She didn't have the money, she couldn't get the test?

A. Correct.

 * * *

Q. You don't have any firsthand knowledge[,] though[,] of the reason why, specific reason why she [did] not opt[ ] for it?

A. That's correct.

Q. And, in fact, if it was the cost, the money, you wouldn't have any reason to doubt that, would you?

A. No.”

Dunnington further testified, in his deposition, that he never told plaintiff, one way or the other, whether she should have prophylactic mastectomies:  “My role as a clinician is to say, [‘H]ere are the options, here are the factors you should consider in the discussion with your physicians and your family, and you should make the decision.[’] ”  He merely told plaintiff that if she chose prophylactic mastectomies, he “believe[d] that would have been a reasonable choice.”   When explaining the options to her, he did not believe public aid would cover prophylactic mastectomies any more than it would cover genetic testing.

Plaintiff's attorney asked Dunnington in his deposition:

“Q. Well, why did you tell her[,] then-if you didn't tell her that you didn't think [p]ublic [a]id would cover the prophylactic mastectomies, why did you tell her that [p]ublic [a]id wouldn't cover the BRCA 1/BRCA 2 testing?

A. Very simple reason[:] because I knew the only way for her to get BRCA 1 testing was for her to pay out-of-pocket.

However, I was quite confident the hospital would cover the charges[ ] as well as the practice plan.   We routinely treat patients who have no ability to pay if we believe it's a medical necessity.

So[,] the operation could have been done without her ability to pay, but the BRCA testing could not have [been done].

Q. Well, the-don't you think it would be significant to a patient to know whether or not [p]ublic [a]id would cover the operation?

A. That's why, once Sandy made the decision, we began[-]again, as we always do[-]at least a request.   This request was submitted by Doctor Zook's office [,] and we fully anticipated the answer would be, [‘W]ill not cover,[’] at which time we would have Sandra go to the practice plan and discuss payment and how it would have been dealt with.

And we were very surprised that they[-]essentially, in this case, again, for the first time that I can recall[-]agreed that it was medically necessary and elected to pay for the procedure.”

Still unpersuaded, the trial court adhered to its ruling:  insomuch as Weber opined, in her evidence deposition, that Dunnington violated the standard of care by denying genetic counseling to plaintiff on the ground that she could not pay for it, that opinion was irrelevant, and should be stricken, because its factual predicate lacked any basis in the evidence.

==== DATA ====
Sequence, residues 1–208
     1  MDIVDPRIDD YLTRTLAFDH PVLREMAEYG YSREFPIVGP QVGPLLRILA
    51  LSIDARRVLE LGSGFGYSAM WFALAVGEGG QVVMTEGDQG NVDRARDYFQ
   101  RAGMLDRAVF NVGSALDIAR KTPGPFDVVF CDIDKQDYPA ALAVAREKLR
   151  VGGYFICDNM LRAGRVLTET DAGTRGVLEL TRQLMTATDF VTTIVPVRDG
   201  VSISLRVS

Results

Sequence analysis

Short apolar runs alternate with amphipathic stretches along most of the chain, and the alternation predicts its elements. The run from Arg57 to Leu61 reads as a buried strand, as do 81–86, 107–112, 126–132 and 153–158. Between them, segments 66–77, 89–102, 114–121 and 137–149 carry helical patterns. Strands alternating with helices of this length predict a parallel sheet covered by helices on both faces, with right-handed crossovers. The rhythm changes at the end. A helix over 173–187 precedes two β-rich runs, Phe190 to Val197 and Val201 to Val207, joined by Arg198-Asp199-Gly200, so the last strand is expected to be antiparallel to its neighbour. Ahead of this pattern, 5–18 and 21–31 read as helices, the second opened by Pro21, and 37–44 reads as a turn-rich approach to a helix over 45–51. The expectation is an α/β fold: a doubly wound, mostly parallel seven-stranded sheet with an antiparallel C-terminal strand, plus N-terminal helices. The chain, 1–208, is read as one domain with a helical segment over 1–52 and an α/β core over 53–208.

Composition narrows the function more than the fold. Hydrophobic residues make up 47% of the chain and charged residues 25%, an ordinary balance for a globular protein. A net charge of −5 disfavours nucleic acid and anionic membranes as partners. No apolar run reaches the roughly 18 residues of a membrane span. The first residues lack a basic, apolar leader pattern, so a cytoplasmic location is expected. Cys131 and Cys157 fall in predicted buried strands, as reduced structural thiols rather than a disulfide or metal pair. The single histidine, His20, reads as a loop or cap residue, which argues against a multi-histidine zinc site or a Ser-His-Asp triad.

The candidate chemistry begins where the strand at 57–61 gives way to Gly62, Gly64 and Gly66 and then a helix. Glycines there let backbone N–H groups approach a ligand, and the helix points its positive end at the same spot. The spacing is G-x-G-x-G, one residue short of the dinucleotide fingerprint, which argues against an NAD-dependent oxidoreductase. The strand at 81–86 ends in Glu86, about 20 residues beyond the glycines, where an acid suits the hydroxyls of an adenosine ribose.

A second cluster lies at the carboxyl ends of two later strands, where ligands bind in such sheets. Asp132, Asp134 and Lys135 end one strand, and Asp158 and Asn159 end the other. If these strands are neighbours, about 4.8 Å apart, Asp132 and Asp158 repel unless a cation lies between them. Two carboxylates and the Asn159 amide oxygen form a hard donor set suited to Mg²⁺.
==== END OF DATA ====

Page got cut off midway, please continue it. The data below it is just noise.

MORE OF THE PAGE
2. Objection on the Ground That the Answer Was Unresponsive to the Question

In Weber's evidence deposition, defendants' attorney asked Weber:

“Q. Doctor, isn't it true that even if Sandra Downey had undergone genetic counseling, you can't say that she would have had genetic testing, can you?

A. No, but I can say that if I think she had a bilateral prophylactic mastectomy[ ] in the absence of genetic testing, that would have been a mistake.

MR. HARLESS:  I move to strike her answer as nonresponsive.

Q. Isn't it true, Dr. Weber, that even if Sandra Downey had undergone genetic counseling, you can't say that she would have had genetic testing, can you?

A. No.”

In the hearing of March 8, 2007, defendants' attorney moved to strike the first question and answer, quoted above, on the ground that the answer was unresponsive to the question (the same objection motion he had made in the evidence deposition itself).   Plaintiff's attorney opposed the motion for two reasons:  the answer was responsive to the question, and, alternatively, it was “inappropriate * * * to ask an outside witness what Sandra Downey would have done,” for the outside witness's opinion in that respect would have been irrelevant and speculative.   Over plaintiff's objection, the trial court granted defendants' motion to strike.

E. Defendants' Motion for Partial Summary Judgment

On March 5, 2007, defendants filed a motion for summary judgment, in which they sought a summary determination in their favor on paragraphs 23(c) and (d) of counts I and II of the second amended complaint.   See 735 ILCS 5/2-1005(d) (West 2006).   The motion stated as follows:

“1. Judgment should be entered in favor of [d]efendants because there is no genuine issue as to any material fact that Dr. Dunnington did not allow considerations of [p]laintiff's ability to pay for genetic testing to affect the manner in which he presented treatment options to the [p]laintiff.

2. Judgment should also be entered in favor of [d]efendants because there is no genuine issue as to any material fact that the [d]efendants did not have a duty to inform the [p]laintiff that grants were available to obtain genetic testing.”

The trial court granted the motion for partial summary judgment on March 8, 2007.

F. Amendment of the Second Amended Complaint

On March 13, 2007, plaintiff filed a motion to amend the second amended complaint “to replace the term ‘genetic testing’ with the term ‘genetic counseling’ in paragraph 23(b) of [c]ount I * * *, to eliminate subparagraphs (c) and (d) from the same paragraph [ (i.e., the two subparagraphs on which the trial court had entered partial summary judgment) ], [and] to conform the pleadings to the pretrial rulings made by the court and the proof expected in this case.”   Simultaneously, plaintiff filed the proposed amendment, which changed paragraph 23 to read as follows:

“23. * * * [A]t the same time and place mentioned in the preceding paragraphs, the [d]efendant, Gary Dunnington, M.D., notwithstanding his duty to act as a reasonably careful physician, committed one or more of the [following] negligent acts or omissions:

(a) failed to properly investigate [p]laintiff's family history of cancer[,]

(b) failed to refer [p]laintiff for genetic counseling[,] [and]

(c) performed prophylactic mastectomies on the [p]laintiff without sufficient medical indications.”